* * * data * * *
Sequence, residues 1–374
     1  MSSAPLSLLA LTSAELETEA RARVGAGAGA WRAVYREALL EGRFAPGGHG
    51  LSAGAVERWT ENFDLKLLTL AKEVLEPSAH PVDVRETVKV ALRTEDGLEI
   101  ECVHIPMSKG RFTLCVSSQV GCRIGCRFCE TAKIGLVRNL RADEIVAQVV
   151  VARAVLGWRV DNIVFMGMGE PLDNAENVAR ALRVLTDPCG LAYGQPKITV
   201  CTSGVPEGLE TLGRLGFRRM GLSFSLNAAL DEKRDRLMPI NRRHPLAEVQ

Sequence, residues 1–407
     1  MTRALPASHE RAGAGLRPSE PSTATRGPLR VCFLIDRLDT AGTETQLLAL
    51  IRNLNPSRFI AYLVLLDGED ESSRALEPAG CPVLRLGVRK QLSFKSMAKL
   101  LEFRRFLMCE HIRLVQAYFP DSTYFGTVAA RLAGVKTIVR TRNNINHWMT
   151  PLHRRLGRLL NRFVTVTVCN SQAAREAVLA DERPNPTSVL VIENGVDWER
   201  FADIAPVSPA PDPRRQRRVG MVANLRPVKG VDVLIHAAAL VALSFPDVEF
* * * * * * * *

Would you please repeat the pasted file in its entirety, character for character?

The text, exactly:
Sequence, residues 1–374
     1  MSSAPLSLLA LTSAELETEA RARVGAGAGA WRAVYREALL EGRFAPGGHG
    51  LSAGAVERWT ENFDLKLLTL AKEVLEPSAH PVDVRETVKV ALRTEDGLEI
   101  ECVHIPMSKG RFTLCVSSQV GCRIGCRFCE TAKIGLVRNL RADEIVAQVV
   151  VARAVLGWRV DNIVFMGMGE PLDNAENVAR ALRVLTDPCG LAYGQPKITV
   201  CTSGVPEGLE TLGRLGFRRM GLSFSLNAAL DEKRDRLMPI NRRHPLAEVQ

Sequence, residues 1–407
     1  MTRALPASHE RAGAGLRPSE PSTATRGPLR VCFLIDRLDT AGTETQLLAL
    51  IRNLNPSRFI AYLVLLDGED ESSRALEPAG CPVLRLGVRK QLSFKSMAKL
   101  LEFRRFLMCE HIRLVQAYFP DSTYFGTVAA RLAGVKTIVR TRNNINHWMT
   151  PLHRRLGRLL NRFVTVTVCN SQAAREAVLA DERPNPTSVL VIENGVDWER
   201  FADIAPVSPA PDPRRQRRVG MVANLRPVKG VDVLIHAAAL VALSFPDVEF